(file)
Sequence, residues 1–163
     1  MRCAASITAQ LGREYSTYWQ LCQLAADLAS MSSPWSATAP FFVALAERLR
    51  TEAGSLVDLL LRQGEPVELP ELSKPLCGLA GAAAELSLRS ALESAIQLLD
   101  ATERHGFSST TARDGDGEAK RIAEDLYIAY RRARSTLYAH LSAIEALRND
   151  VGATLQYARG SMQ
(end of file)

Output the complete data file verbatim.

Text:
Sequence, residues 1–163
     1  MRCAASITAQ LGREYSTYWQ LCQLAADLAS MSSPWSATAP FFVALAERLR
    51  TEAGSLVDLL LRQGEPVELP ELSKPLCGLA GAAAELSLRS ALESAIQLLD
   101  ATERHGFSST TARDGDGEAK RIAEDLYIAY RRARSTLYAH LSAIEALRND
   151  VGATLQYARG SMQ